Green taxonomy revision causes ‘uncertainty’ for energy transition: Critics

Experts say a planned revision of the government’s green taxonomy causes uncertainty for Indonesia’s energy transition as it excludes the “red” category and switches from the traffic light categorization system to a dichotomy of “green” and “transition”. Agung Budiono, executive director of nonprofit organization Indonesia Cerah, explained that the draft for the planned Indonesia Sustainable Taxonomy (TBI) introduced a “non-eligible” label for business activities deemed risky. “But no explanation [about that label] is included in the draft,” he said on Thursday at an event hosted by ResponsiBank Indonesia, contrasting the draft of Indonesia’s revised green taxonomy with Singapore’s Green Taxonomy, which provides detailed criteria to define high-risk business activities under its ineligible label. “We suggest that the Financial Services Authority [OJK] clarify which [activities] are considered non-eligible. If the only categories are “green” and “transition”, that [creates the impression] that the OJK is playing it safe,” Agung added.

A representative of the OJK declined to comment on the matter. The revision is to be carried out in stages, with the OJK beginning in 2023 to develop technical criteria for the energy sector. The agency has begun work on revising the Indonesian Green Taxonomy (THI) Version 1.0 to adapt to changes made to the ASEAN Taxonomy for Sustainable Finance (ATSF) in June, which focuses on encouraging capital flows and investment for the energy transition in Southeast Asia. The draft was released on Nov. 13 and was open for public consultation until Friday of last week.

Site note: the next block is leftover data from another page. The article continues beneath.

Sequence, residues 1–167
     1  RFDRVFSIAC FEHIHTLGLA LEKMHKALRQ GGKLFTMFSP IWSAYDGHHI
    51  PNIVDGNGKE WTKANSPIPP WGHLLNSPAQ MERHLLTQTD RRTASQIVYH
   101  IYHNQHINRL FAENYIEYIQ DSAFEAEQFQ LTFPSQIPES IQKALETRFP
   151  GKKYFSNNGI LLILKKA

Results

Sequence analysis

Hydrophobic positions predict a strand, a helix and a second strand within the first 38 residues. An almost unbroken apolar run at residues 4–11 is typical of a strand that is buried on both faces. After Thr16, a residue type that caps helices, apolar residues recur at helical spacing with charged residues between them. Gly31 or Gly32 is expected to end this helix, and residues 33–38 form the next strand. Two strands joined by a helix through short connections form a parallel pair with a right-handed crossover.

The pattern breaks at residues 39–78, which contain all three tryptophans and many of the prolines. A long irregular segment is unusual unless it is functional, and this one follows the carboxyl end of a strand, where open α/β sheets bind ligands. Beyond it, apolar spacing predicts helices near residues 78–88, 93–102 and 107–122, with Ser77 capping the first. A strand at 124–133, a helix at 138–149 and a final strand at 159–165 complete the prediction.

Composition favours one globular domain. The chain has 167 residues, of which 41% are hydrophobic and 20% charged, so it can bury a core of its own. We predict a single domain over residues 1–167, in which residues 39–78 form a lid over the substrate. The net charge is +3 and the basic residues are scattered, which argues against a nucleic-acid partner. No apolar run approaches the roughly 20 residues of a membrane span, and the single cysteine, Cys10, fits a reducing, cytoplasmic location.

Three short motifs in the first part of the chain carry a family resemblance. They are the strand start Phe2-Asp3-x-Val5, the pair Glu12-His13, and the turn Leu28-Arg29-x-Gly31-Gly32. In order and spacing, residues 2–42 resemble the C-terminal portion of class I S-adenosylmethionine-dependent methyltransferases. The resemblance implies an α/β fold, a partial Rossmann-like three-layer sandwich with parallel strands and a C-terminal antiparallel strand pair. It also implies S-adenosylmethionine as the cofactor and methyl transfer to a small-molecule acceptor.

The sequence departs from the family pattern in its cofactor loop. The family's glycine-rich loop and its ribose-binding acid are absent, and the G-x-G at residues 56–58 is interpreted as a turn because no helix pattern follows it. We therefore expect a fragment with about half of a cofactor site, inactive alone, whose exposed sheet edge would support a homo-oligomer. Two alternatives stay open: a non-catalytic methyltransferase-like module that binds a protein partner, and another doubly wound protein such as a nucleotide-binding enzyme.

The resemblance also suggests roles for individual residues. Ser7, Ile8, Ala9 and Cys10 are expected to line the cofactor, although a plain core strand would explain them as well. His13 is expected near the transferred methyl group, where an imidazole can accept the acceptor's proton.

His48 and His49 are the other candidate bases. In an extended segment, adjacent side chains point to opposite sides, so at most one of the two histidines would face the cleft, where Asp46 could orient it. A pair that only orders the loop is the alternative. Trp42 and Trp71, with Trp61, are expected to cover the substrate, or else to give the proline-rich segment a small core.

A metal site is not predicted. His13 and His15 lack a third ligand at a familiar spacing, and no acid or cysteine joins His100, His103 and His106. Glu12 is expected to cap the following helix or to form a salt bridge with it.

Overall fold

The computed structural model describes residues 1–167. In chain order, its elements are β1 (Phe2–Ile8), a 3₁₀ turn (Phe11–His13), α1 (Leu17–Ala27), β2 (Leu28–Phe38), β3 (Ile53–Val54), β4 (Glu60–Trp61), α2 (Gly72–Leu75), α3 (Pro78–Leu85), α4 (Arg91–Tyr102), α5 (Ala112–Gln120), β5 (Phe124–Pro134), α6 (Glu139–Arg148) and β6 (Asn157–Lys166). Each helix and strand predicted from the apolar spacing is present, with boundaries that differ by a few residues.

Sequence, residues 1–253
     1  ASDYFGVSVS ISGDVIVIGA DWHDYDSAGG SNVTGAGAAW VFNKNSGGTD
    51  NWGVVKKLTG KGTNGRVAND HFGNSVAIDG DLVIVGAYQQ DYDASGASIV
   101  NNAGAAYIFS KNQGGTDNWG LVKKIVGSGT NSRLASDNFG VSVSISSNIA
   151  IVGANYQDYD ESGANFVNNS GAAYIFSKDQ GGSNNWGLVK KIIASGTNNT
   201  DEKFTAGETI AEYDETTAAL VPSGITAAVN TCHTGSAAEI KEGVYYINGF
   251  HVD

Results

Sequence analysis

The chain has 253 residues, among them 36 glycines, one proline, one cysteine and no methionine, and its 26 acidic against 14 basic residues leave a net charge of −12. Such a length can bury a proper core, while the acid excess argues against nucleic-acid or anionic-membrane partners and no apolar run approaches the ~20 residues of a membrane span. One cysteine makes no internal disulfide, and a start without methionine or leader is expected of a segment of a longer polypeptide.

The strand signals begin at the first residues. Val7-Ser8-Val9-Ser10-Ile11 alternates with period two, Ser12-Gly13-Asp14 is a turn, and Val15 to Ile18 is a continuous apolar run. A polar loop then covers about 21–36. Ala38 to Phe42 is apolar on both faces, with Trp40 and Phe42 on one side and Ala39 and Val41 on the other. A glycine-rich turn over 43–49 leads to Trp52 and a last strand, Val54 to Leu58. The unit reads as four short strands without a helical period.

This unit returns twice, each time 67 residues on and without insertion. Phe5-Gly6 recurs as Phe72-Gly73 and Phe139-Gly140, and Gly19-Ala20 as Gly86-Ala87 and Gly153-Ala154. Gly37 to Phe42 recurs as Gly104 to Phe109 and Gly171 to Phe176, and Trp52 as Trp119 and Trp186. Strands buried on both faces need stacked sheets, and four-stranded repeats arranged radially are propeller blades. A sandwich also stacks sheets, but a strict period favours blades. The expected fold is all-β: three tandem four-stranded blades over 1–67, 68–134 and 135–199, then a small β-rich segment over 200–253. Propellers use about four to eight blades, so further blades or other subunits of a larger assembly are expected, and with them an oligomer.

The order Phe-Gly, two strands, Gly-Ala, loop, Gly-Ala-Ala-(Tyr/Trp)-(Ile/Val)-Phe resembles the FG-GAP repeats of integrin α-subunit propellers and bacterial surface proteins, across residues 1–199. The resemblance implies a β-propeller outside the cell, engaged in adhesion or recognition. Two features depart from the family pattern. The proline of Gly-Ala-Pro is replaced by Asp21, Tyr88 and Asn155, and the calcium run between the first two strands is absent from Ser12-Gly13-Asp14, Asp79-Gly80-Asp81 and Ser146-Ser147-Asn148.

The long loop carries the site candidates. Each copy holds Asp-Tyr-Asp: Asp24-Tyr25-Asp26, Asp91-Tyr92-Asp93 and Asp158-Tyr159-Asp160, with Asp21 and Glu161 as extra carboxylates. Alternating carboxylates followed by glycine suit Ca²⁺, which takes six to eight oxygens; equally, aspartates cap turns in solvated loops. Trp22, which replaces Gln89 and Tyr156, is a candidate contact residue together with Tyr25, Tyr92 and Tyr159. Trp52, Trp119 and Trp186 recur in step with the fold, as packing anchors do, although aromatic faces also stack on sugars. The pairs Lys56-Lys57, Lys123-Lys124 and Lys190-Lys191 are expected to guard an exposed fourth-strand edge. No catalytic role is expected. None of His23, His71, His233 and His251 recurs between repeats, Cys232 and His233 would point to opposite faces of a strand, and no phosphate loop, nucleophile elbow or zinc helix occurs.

Linda Rosalina, executive director of climate advocacy group Transformasi Untuk Keadilan Indonesia (TuK), said the missing “red” category made it difficult to flag business activities that had harmful ramifications for the environment. “The revised green taxonomy document should improve [things], not increase uncertainty over Indonesia’s energy transition efforts,” she said on Thursday, adding that the taxonomy should be made mandatory for financial sector players to effectively reduce emissions and encourage more financing for sustainable and renewable energy projects. Linda went on to say that the OJK should regulate financing restrictions based on the labels under the taxonomy, which the agency could start doing by providing incentives and disincentives to enforce the taxonomy. Projects categorized under the “yellow” and “red” labels have received more funding than those under the green label in the first half of 2022, according to a report published by the OJK.  In the report, the OJK identified Rp 1,065 trillion in financing until June 2022. The lion’s share, some Rp 392.87 trillion, went to projects under the “yellow” label. Projects under the “red” and “green” labels got Rp 378.16 trillion and Rp 294.2 trillion in financing, respectively. Of the three categories, the nonperforming loan (NPL) ratio was lowest for the “green” label at 0.81 percent, while it reached 2.56 percent for “red” level projects and 4.37 percent for “yellow” level ones, according to Linda. A lower NPL ratio value indicates lower bank risk. The OJK is the government agency tasked with producing the THI in collaboration with several ministries, including the Environment and Forestry Ministry and the Energy and Mineral Resources Ministry. In the process, it is also receiving input from Bank Indonesia and the Finance Ministry’s Fiscal Policy Agency (BKF). Mining projects in the TBI Muhammad Aulia, a green finance researcher with Action for Ecology and People’s Emancipation (AEER), said he found it problematic that some mining activities were included under the TBI’s “green” and “transition” labels because of their role in building clean energy technologies. “But we have to be clear about when these activities will be considered as having a critical role in the energy transition. The timeframe must be clearly defined,” he said, also on Thursday. Critical minerals such as copper, lithium, nickel, cobalt and rare earth elements, are important components in today’s rapidly growing clean energy technologies, from wind turbines to electric vehicles (EVs). Nevertheless, tackling the environmental and social impacts of mineral development will be crucial, according to the International Energy Agency (IEA), including the emissions linked with mining and processing, risks from inadequate waste and water management and impacts from inadequate worker safety, human rights abuses and corruption. Indonesia, which has the largest nickel reserves in the world, is struggling to improve environmental standards for nickel mining amid concerns over the metal’s production, which is increasingly used in EV batteries. Nickel mining and smelting have become a major part of Indonesia’s economy, with billions of dollars of global investment flowing into the country after the government banned exports of unprocessed ore in 2020.

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